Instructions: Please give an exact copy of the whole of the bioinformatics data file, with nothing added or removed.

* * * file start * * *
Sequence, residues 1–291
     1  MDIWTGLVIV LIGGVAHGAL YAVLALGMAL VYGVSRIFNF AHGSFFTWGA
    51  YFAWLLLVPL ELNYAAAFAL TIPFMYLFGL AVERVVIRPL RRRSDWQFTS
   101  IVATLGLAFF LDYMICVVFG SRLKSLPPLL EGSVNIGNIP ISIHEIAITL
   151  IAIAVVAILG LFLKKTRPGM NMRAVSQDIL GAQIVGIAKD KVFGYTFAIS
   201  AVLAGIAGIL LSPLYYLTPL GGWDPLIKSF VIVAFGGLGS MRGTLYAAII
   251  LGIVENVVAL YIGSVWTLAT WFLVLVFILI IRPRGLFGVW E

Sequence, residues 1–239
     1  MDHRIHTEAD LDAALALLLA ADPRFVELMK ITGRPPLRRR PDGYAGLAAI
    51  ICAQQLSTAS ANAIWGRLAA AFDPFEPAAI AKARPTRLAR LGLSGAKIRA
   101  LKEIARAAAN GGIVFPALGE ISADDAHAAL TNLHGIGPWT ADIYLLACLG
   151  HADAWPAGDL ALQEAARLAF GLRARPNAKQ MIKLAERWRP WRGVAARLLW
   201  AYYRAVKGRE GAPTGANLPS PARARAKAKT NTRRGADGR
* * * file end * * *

Sequence, residues 1–291
     1  MDIWTGLVIV LIGGVAHGAL YAVLALGMAL VYGVSRIFNF AHGSFFTWGA
    51  YFAWLLLVPL ELNYAAAFAL TIPFMYLFGL AVERVVIRPL RRRSDWQFTS
   101  IVATLGLAFF LDYMICVVFG SRLKSLPPLL EGSVNIGNIP ISIHEIAITL
   151  IAIAVVAILG LFLKKTRPGM NMRAVSQDIL GAQIVGIAKD KVFGYTFAIS
   201  AVLAGIAGIL LSPLYYLTPL GGWDPLIKSF VIVAFGGLGS MRGTLYAAII
   251  LGIVENVVAL YIGSVWTLAT WFLVLVFILI IRPRGLFGVW E

Sequence, residues 1–239
     1  MDHRIHTEAD LDAALALLLA ADPRFVELMK ITGRPPLRRR PDGYAGLAAI
    51  ICAQQLSTAS ANAIWGRLAA AFDPFEPAAI AKARPTRLAR LGLSGAKIRA
   101  LKEIARAAAN GGIVFPALGE ISADDAHAAL TNLHGIGPWT ADIYLLACLG
   151  HADAWPAGDL ALQEAARLAF GLRARPNAKQ MIKLAERWRP WRGVAARLLW
   201  AYYRAVKGRE GAPTGANLPS PARARAKAKT NTRRGADGR